Tuesday, 5 August 2014

Burning blackthorn brash wood

I had a busy day yesterday burning piles of blackthorn cut during the hedging process in February/March. We tried to burn the stuff then, but it was too difficult to ignite, even when we used copious amounts of kerosene [paraffin] oil.  The wood burns a lot better now having had the chance to dry during the summer months. We've found the trick to starting the fire is to use a pile of cardboard boxes to start the fire. The methods we learned years ago as scouts about starting camp fires are just too slow and painstaking. The main problem is that nettles, thistles and grass have grown up through the piles of blackthorn branches making them difficult to move to the fire.  It is hot sweaty work hauling branches two at a time to the place of the fire. You definitely need tough hide gauntlets to protect your hands from the vicious thorns on these branches.

It was easy to create roaring two metre flames with little smoke in the fire. It was too hot to approach within three metres at times, but it needed constant work to feed the fire. We're now left with just three large piles of branches on our side of the fence. They were too difficult to move due to the interwoven branches, thistles, grass and stinging nettles. I think I will carefully burn those in place, making sure the fire does not get too big and damage the nearby fruit trees.   I'll use the flame gun to create some fire breaks.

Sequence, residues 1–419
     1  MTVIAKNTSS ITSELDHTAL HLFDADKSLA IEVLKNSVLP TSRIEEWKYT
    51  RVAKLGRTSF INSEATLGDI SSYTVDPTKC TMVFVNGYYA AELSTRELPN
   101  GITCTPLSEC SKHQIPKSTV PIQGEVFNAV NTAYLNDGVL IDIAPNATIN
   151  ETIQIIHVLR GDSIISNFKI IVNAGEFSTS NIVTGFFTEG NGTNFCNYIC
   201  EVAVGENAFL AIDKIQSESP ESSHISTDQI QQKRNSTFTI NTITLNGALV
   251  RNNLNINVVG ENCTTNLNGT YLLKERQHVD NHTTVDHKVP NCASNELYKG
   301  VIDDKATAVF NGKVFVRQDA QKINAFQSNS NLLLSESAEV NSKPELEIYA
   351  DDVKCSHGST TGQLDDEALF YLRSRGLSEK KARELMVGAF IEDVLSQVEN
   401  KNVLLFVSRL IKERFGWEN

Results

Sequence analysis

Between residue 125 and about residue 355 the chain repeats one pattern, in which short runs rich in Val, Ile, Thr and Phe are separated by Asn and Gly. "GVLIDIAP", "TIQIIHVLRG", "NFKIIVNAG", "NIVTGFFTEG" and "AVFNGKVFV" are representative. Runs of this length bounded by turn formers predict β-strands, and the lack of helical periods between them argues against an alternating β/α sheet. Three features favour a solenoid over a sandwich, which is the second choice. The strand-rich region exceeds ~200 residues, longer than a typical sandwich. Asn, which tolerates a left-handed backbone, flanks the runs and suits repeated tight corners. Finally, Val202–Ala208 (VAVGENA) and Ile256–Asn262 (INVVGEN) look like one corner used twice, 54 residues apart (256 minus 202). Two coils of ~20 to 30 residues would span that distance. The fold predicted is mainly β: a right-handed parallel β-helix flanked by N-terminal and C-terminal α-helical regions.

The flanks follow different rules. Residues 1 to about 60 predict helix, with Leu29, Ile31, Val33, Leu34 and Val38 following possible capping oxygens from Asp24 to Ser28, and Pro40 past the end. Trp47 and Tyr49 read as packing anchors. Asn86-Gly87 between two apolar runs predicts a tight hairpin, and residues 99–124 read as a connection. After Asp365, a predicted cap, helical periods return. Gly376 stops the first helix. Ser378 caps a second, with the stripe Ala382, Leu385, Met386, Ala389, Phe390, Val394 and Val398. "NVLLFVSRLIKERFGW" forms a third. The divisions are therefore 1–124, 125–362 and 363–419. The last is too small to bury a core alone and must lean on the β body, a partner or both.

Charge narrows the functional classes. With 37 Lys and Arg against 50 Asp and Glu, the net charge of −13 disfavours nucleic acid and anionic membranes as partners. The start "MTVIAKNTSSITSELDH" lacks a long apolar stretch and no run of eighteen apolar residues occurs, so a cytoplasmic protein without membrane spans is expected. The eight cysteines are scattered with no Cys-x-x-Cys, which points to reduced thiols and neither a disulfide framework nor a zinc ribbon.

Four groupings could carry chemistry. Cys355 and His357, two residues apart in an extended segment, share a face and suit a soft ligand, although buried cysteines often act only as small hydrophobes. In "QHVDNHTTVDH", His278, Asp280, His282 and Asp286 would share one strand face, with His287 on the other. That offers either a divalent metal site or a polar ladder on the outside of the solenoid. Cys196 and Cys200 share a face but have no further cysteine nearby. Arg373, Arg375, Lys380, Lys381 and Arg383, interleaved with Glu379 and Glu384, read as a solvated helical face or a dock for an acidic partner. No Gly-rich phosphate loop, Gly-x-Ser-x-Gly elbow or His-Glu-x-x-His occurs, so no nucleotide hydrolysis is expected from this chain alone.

This leaves several piles of thorn branches in the neighbouring field which will require disposal before the stock fence is installed to protect the hedge.

During the work I was also reminded what a pain horseflies can be at this time of the year. I'd last come across horse flies in the Black Forest in Germany when I was a child on holiday. On one of the days I had neglected to use insect repellent and was bitten on the back of my hand by a horsefly. Fortunately I spotted it fairly quickly and received only a minor bite. It was itchy rather than painful, The insect was promptly squashed. It is the female of the species which needs a feed of blood before it can lay its eggs. 


Horse Fly
I have found that Avon's Skin So Soft Dry Oil which is sold as a cosmetic is actually quite an effective insect repellent. It contains citronella in its formulation. I was a bit dubious at first, but bought a bottle as a trial. I have found the flies do not bother me on the orchard when I've applied this stuff. I'm not too keen on the DEET  based insect repellents as I've seen what those can do to plastics.

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